Can Technology Help Create A More Inclusive Work Environment?

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By Daniela Lange, Product Manager, SAP SuccessFactors

Original Article Published on Forbes.com

 

Despite the best of intentions, gender statistics have gone from bad to worse over the past decades. Some people even question: “Is it fair to hold companies responsible for fixing inequity that is so deeply rooted into our society?” Whether fair or not is beside the point. As business leaders, we must care about attracting the best possible talent for our companies, and if we exclude certain groups based on gender, ethnicity, age, sexual orientation etc., we will not be competitive.

Also in light of the skilled labor shortage, embracing an inclusive work environment is essential to business success. Scratching our heads over depressing gender statistics year over year is not exactly exhilarating, but we cannot afford to give in to resignation. Instead, we must find new ways of approaching the problem. As my colleague Brenda Reid stated, it’s time to raise the bar.

Getting rid of unconscious bias

For decades, many companies around the world have been struggling for more gender equity, often with costly diversity programs, with little success overall. Why is this problem so hard to fix?

I believe that unconscious bias is one central piece to the puzzle. Its poisonous power cannot be underestimated. Even if each occurrence of bias is subtle and we tend to shrug it off as “not a big deal,” many small biases can amount to serious consequences over time. This effect has been nicely illustrated in a simple computer simulation by Martell, Emrich and Robinson-Cox: “Gender Bias and its cumulative effect on career and organizations.”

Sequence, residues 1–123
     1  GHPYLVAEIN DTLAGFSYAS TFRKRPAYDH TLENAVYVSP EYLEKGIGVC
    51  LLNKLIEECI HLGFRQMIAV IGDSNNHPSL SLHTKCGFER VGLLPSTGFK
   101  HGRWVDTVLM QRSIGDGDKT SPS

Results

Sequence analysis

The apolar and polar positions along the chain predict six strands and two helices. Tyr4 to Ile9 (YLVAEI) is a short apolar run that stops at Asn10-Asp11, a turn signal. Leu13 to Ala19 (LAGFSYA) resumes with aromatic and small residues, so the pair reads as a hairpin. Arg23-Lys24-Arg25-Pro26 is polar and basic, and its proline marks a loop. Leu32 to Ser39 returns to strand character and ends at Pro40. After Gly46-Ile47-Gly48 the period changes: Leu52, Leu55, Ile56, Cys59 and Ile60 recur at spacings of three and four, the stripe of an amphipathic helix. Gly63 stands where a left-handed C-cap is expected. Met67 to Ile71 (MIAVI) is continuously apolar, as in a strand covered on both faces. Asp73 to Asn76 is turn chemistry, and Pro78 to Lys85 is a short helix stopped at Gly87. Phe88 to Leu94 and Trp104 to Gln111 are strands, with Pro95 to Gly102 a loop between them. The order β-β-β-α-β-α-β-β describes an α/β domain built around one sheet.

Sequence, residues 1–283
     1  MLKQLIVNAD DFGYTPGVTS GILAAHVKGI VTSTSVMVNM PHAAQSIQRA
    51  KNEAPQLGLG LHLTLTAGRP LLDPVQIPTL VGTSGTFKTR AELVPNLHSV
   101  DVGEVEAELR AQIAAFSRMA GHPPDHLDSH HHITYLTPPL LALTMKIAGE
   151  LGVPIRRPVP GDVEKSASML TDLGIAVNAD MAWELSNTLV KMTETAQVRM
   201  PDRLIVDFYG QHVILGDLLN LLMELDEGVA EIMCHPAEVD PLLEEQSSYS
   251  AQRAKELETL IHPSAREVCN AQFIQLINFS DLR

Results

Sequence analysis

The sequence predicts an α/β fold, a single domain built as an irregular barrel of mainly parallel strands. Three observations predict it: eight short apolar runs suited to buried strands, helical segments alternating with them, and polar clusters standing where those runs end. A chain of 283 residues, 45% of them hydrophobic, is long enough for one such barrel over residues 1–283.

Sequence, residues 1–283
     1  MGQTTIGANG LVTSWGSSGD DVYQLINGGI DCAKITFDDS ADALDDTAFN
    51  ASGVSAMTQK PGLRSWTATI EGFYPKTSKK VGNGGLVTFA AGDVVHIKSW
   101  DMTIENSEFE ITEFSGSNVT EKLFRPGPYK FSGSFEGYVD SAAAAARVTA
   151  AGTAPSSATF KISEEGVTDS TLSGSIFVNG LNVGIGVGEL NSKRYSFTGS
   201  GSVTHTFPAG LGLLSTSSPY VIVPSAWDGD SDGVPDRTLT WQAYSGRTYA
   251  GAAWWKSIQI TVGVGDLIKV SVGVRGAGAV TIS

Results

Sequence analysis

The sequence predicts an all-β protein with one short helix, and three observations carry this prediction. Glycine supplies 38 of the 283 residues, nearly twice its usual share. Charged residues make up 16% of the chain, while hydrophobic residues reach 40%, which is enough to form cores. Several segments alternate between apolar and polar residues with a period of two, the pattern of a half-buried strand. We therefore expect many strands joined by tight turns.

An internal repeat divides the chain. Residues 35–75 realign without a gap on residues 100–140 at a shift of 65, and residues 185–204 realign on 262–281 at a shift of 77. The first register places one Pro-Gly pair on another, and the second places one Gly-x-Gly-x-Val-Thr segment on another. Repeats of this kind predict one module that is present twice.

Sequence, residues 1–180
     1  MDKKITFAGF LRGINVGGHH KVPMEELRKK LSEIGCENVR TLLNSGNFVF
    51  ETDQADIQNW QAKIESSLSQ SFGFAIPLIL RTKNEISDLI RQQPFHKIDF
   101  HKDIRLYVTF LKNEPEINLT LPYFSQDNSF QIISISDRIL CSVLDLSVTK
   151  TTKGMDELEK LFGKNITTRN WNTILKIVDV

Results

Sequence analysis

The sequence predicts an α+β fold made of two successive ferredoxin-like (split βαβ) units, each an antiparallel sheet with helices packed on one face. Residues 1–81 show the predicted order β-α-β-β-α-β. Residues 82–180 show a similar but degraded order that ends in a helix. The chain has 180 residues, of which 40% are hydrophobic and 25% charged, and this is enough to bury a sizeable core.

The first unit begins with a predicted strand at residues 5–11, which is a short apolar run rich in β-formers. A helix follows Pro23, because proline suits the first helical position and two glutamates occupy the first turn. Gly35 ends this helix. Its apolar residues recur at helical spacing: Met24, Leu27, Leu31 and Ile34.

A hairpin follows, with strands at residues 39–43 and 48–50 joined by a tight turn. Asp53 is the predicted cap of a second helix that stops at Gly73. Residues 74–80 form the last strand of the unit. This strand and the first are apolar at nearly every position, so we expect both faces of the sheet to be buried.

The first step towards fighting bias is to become aware of it. As long as I don’t know I am biased, it’s virtually impossible for me to change my behavior. This is one area in which technology can assist and help us detect unconscious bias.

Putting technology to work

We recently conducted real-life example of a calibration session with our management team. Each manager had initially rated their direct reports in terms of performance and growth potential, then we convened to discuss the results. On the performance axis, our initial rating resulted in an adequate females-to-males-ratio. On the growth potential axis, however, only males made it into the rating of “high growth potential.” The SuccessFactors calibration tool visualized this imbalance and prompted us to question our rating.

The explanation given for why a woman was ranked as high performer but only normal growth potential was: “It takes two qualities to take on a leadership position: One is competence, and there is no doubt she is very competent. The other one is desire for a career, and that’s where I see the problem, she does not strike me as ambitious enough.” This brought about an interesting discussion: Are these high performing women really less ambitious or do they just not articulate their ambitions in the same manner?

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